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Genome Res. 1996 Oct;6(10):922-34.

Transcriptional analysis of the candidate region for incontinentia pigmenti (IP2) in Xq28.

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Deutsches Krebsforschungszentrum, Abteilung Molekulare Genomanalyse, Heidelberg, Germany.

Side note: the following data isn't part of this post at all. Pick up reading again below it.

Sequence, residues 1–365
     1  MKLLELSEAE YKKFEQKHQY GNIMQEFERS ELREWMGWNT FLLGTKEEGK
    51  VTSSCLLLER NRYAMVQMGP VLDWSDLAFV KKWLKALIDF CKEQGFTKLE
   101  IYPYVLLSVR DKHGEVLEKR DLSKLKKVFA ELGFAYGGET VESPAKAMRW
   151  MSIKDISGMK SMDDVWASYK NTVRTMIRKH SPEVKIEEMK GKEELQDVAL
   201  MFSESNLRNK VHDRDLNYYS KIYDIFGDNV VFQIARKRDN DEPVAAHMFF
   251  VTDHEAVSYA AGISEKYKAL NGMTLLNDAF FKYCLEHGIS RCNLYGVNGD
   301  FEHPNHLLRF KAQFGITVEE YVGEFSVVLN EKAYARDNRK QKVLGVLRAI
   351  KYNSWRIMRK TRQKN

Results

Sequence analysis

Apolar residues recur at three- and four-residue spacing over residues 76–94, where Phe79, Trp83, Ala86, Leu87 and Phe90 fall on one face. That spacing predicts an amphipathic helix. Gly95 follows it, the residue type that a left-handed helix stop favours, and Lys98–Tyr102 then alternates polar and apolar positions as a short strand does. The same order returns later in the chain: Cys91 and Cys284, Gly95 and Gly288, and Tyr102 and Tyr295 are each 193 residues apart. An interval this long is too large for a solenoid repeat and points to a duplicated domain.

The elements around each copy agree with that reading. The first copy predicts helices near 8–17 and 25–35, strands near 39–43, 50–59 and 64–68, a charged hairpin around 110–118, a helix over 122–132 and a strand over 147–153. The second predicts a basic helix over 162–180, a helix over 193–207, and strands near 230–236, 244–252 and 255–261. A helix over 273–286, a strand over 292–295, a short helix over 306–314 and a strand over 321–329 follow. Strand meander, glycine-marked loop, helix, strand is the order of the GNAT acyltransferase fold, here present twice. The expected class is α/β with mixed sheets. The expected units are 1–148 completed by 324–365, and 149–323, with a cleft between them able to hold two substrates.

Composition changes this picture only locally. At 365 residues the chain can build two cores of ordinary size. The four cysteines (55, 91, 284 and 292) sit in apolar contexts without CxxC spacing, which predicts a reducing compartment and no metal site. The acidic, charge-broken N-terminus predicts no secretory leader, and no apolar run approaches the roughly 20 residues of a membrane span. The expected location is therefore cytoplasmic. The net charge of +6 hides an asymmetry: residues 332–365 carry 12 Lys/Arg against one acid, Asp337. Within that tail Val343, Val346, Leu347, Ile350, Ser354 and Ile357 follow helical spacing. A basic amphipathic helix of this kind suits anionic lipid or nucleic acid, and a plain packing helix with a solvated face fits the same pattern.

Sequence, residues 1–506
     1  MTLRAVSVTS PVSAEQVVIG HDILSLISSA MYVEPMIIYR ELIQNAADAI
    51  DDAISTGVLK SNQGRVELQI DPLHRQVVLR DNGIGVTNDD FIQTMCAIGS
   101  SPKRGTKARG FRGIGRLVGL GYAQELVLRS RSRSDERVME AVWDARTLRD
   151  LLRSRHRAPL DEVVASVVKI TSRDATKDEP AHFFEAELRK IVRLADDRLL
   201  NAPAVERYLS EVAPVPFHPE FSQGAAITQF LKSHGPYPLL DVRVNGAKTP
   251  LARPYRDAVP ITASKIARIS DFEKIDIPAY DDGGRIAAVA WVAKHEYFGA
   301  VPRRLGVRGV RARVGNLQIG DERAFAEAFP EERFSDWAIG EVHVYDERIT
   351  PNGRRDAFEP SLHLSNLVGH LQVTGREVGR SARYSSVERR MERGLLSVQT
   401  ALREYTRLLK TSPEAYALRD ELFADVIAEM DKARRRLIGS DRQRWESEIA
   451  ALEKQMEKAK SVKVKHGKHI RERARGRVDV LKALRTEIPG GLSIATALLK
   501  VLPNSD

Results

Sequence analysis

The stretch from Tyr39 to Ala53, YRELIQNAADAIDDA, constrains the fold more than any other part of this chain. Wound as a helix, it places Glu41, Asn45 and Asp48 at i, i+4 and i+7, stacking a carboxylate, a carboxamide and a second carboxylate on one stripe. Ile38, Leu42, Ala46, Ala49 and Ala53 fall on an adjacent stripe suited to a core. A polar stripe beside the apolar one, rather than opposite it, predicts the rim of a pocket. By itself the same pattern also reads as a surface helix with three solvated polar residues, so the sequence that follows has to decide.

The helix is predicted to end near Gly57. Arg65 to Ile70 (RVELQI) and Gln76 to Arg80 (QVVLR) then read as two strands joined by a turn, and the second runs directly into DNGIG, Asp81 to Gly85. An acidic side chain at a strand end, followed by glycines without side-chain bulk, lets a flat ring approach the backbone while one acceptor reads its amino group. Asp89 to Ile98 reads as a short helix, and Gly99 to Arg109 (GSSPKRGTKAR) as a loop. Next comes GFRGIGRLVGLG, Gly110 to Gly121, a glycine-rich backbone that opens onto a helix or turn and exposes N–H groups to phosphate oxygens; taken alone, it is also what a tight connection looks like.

The hereditary form of incontinentia pigmenti (IP2) is a rare disorder characterized by abnormalities of the tissues and organs derived from the ectoderm and neuroectoderm and has been linked to Xq28 distal to the factor VIII gene (F8C). Four YAC clones covering the 1.1-Mb candidate region at the telomere of Xq28 were subjected to direct cDNA selection and Alu long-range PCR. The products of both methods were subsequently used to isolate 154 cosmid clones that were assembled into five cosmid contigs. This first-generation cosmid map covered the region almost entirely and was used as a basis for constructing a transcript map that was in turn integrated with the physical YAC and cosmid maps. To isolate specifically coding sequences, exon trapping and cDNA selection methods were combined. Exon trapping was carried out on YAC Alu-PCR products, YAC Alu long-range PCR products, and on pools of cosmids. The region-specific enriched cDNA library was then screened by using the exon trap products as complex probes. To ensure a more complete analysis, the products from cDNA selection experiments were also used to screen conventional oligo(dT) primed cDNA libraries. Twenty overlapping cDNA contigs were assembled and computer analyses were performed to identify EST hits, open reading frames, protein motifs, and protein sequence homologies. Five of the cDNA contigs corresponded to known sequences such as the factor VIII, c6.1A, and c6.1B. genes, and both distal copies of the factor VIII intron 22 repeat sequence. Expression patterns of the 15 new cDNA contigs were analyzed by Northern blot and RT-PCR studies and these data were integrated with expression data obtained from known EST sequences. Although a more detailed analysis of this 1.1-Mb region with respect to the structure and function of the genes will only ultimately be possible by a global sequencing approach, an analysis of all novel transcripts as candidate genes for incontinentia pigmenti is already in progress.

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